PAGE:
The mobility scooter is an institution that, like most others, has crept up on us. Invented in America in the 1960s, there are now an estimated 300,000 users moving silently and sedately around our pavements and roads.
But the ride to acceptance has been made a little bumpy by their almost unique power to provoke both of the major British responses to the new: suspicion and ridicule.
An unfair but lingering feeling of malingering has been joined by some irresistible incidents, including the pensioner who caused all manner of problems for the traffic flow in Wincanton by slowly transporting a lengthy roll of carpet sideways, and the 25-stone woman who failed to make a getaway on her machine after stealing a slimming aid from a supermarket in Glamorgan.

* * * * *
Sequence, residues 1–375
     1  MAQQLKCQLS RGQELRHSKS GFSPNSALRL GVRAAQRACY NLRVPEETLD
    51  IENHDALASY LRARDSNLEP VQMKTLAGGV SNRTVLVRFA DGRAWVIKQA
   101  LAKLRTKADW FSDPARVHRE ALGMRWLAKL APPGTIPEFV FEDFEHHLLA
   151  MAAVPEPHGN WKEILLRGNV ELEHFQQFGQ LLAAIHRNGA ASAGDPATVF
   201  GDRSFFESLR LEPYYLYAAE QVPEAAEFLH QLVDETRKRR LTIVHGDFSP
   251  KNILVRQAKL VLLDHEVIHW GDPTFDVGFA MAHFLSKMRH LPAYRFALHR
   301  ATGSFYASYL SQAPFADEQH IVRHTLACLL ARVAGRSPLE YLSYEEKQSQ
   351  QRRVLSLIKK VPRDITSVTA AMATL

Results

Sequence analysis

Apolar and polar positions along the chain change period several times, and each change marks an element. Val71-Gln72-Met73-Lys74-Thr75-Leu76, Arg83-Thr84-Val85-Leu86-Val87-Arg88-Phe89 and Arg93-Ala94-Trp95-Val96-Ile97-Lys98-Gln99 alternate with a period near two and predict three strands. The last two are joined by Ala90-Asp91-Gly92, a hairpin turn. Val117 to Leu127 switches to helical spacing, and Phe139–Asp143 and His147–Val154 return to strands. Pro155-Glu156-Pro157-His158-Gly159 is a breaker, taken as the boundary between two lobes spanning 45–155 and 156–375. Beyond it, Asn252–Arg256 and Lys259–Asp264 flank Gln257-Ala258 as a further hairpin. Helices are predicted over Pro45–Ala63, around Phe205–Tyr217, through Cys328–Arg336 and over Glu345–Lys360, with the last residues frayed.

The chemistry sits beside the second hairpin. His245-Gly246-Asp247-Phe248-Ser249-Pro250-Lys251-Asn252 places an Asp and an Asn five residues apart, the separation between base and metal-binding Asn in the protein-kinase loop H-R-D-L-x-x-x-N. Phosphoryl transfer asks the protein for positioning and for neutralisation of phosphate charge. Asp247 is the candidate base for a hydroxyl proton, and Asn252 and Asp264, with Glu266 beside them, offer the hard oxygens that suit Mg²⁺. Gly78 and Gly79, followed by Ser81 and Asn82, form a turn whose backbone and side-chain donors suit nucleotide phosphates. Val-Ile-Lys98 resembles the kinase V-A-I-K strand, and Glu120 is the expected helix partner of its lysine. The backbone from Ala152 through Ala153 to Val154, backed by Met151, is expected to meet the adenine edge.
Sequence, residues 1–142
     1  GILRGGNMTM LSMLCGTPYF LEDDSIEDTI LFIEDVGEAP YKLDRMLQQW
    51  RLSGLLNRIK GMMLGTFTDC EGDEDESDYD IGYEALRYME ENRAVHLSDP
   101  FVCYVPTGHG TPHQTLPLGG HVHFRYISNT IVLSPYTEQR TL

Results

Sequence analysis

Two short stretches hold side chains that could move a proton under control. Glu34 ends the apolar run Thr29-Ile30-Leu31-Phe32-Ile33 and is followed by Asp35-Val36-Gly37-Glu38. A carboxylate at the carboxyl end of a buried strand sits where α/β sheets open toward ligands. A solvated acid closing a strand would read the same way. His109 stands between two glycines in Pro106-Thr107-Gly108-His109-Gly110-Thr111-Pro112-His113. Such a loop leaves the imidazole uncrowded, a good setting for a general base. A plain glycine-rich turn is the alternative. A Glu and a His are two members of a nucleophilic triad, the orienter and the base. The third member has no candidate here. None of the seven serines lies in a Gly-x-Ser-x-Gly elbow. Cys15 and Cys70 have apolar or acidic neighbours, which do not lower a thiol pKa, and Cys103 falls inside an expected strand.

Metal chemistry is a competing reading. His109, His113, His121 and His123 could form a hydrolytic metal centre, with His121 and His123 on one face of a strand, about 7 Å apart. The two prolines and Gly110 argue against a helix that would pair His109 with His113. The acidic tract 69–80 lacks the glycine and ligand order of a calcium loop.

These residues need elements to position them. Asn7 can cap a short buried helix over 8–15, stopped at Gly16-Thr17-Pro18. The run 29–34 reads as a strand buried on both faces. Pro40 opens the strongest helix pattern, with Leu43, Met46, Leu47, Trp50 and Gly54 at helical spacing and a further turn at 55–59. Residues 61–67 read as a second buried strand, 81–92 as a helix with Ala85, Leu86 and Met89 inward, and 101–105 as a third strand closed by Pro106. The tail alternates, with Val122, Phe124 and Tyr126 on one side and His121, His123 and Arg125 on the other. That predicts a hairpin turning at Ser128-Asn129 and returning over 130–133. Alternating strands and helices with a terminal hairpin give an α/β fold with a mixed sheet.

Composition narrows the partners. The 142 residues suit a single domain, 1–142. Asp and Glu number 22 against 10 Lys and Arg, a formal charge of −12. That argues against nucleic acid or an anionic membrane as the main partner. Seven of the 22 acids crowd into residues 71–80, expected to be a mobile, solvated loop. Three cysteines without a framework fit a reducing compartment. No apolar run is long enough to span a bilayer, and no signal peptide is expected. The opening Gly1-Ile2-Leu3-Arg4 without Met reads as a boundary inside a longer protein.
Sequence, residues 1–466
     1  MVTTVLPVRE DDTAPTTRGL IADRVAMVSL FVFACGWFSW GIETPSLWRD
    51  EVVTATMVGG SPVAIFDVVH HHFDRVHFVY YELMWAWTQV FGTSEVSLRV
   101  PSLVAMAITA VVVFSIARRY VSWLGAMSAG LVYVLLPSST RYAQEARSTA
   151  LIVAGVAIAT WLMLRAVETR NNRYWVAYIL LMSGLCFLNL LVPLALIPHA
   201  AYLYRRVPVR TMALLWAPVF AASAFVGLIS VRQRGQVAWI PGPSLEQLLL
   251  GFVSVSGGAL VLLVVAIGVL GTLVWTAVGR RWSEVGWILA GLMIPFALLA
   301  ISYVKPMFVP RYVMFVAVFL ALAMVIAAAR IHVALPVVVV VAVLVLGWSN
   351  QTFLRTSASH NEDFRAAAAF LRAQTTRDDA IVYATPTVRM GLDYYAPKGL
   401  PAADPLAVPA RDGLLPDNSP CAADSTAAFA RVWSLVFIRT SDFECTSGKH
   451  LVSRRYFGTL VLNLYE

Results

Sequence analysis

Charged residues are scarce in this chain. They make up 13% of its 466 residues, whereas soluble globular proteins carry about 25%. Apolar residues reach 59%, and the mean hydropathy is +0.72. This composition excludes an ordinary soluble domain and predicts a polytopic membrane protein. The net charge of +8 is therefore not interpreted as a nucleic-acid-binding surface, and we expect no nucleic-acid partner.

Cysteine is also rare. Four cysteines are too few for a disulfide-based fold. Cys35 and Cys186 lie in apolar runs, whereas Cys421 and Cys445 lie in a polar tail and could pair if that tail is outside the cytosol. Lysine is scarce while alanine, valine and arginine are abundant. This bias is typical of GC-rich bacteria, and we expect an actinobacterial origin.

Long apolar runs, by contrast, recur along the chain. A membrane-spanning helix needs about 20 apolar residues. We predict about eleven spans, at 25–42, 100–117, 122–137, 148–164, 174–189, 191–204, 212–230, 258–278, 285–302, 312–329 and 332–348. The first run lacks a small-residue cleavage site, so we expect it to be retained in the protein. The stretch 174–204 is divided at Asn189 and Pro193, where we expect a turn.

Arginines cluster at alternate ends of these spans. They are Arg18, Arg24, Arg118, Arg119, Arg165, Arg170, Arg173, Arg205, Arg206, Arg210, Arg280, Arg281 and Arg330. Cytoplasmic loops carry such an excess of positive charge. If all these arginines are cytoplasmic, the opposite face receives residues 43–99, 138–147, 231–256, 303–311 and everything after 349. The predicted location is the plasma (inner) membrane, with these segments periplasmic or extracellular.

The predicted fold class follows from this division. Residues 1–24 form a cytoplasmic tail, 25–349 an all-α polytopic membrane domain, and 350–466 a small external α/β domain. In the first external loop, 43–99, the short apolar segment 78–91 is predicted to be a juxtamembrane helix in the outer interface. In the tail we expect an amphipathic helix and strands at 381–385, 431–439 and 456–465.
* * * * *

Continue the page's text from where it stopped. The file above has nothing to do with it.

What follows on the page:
More regulation is on the way; in the meantime, might I remind non-users that the mobility scooter is a difficult vehicle for dignity and that a cheery smile and friendly hello might help?